“From the time of the apostles until more than three hundred years later, bishops were lay ministers and had wives. We see that by the first Nicene Council, the church father St. Gregory the Theologian of Nazianzus, lived openly in marriage and raised sons and daughters. Such was also the case with brother Basil the Great, St Spiridon, and many others. Paul the apostle publicly teaches that bishops, elders, and deacons must be married. He drives the point home by saying: ‘if a man does not know how to rule his own house, how will he take care of the church of God?’ Beyond doubt, the first pastors and bishops were married men. Bishop does not mean anything other than an overseer supervisor, and there was no such position as an archbishop that ruled over bishops. But then when the monks began to multiply and receive eminence as high priests, little by little they introduced the custom that a bishop must be a monk, against the public teaching of the Apostles, whose doctrine, justice, and common sense made clear that a monk could never be a monk. A monk is destined to live in the desert, not in the cities and among men and women. Such a man formed of flesh and blood as God created him, if he does not marry, will find himself in great turmoil.”
Who could have given a better answer to the question about his views on qualifications for a Bishop than from a monk among people living in such an environment, a celibate Bishop? Georgi Popovic was exactly that person. He said that anyone who lived in his circumstances and trying to serve in the real world suffers “turmoil” (which means great misery, that is, trouble because of his celibacy). Moreover, the position represented by the archbishop of the Serbian Orthodox Church in the eighteenth century is entirely consistent with the Bible. This position is identical to the teaching that Christians faithful to God and His Word have always maintained. A bishop cannot be a monk. This practice (along with many others in Eastern Orthodoxy) was introduced a few hundred years after Christ and the apostles who taught about it quite differently.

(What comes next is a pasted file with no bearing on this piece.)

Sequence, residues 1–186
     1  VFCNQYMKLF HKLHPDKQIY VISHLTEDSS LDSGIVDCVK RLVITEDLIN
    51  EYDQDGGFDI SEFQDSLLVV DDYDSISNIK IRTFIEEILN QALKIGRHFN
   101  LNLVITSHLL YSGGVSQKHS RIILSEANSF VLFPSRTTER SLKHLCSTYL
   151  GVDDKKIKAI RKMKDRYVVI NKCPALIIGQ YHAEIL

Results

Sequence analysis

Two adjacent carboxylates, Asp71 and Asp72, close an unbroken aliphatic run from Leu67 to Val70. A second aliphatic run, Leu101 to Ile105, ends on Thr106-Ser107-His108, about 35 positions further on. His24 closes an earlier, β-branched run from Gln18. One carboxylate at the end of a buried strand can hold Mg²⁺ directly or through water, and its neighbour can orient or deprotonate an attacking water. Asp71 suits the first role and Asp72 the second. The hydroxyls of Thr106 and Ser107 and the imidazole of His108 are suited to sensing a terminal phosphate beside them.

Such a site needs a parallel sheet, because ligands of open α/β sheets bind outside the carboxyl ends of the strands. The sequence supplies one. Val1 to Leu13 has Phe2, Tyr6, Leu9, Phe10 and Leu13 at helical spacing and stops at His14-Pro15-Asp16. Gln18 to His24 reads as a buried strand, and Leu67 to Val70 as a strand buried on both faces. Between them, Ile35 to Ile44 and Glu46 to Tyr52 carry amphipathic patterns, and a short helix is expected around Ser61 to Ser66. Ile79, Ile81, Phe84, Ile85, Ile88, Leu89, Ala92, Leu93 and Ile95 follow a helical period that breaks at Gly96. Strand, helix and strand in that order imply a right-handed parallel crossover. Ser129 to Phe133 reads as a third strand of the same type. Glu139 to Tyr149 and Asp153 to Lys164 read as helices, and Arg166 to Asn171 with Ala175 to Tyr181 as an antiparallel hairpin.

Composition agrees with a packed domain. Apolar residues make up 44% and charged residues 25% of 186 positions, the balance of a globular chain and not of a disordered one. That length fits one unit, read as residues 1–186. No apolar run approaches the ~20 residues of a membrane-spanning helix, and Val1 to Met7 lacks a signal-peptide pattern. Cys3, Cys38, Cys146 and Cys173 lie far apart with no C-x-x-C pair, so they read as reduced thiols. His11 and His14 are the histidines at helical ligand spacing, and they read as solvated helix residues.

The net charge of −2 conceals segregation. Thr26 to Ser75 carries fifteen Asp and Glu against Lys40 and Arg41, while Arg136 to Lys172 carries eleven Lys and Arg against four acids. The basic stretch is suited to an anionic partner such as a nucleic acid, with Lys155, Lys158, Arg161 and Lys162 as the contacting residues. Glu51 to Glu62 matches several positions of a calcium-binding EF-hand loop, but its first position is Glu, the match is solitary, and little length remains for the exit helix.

The fact that during the first centuries of Christianity, bishops were married men, and that only later were rules for monastic hierarchies formed, is confirmed by the Orthodox historian Eusebius Popovic. Here is how he describes the changes to the qualifications for the office of bishop:
“As monks acquired more power within the church, positions of the highest ecclesiastical prestige gradually fell into the hands of highly respected monks. Clergy who were married were gradually suppressed by these monks. As a result of the monks’ suppression, others became more reluctant to assume positions as elders and deacons… However, monks also assumed seats of power at the Church Councils. Soon, the seats of episcopal power in the Eastern Church were occupied almost exclusively by the monks. Initially, it was common for bishops to marry. Yet, by the fifth century, it was a rarity to find a bishop who was married. In the year 410, Synesius of Cyrene was nominated as bishop of Ptolemais. At first, he hesitated to accept the position because he was married and did not want to part with his wife. He still accepted the position and kept his wife. With this exception, history makes no further reference to bishops living in marriage… Finally, during the reign of Justinian I (527-565), bishops were expressly prohibited from being married. Indeed, the majority of bishops in the Eastern Church were monks.”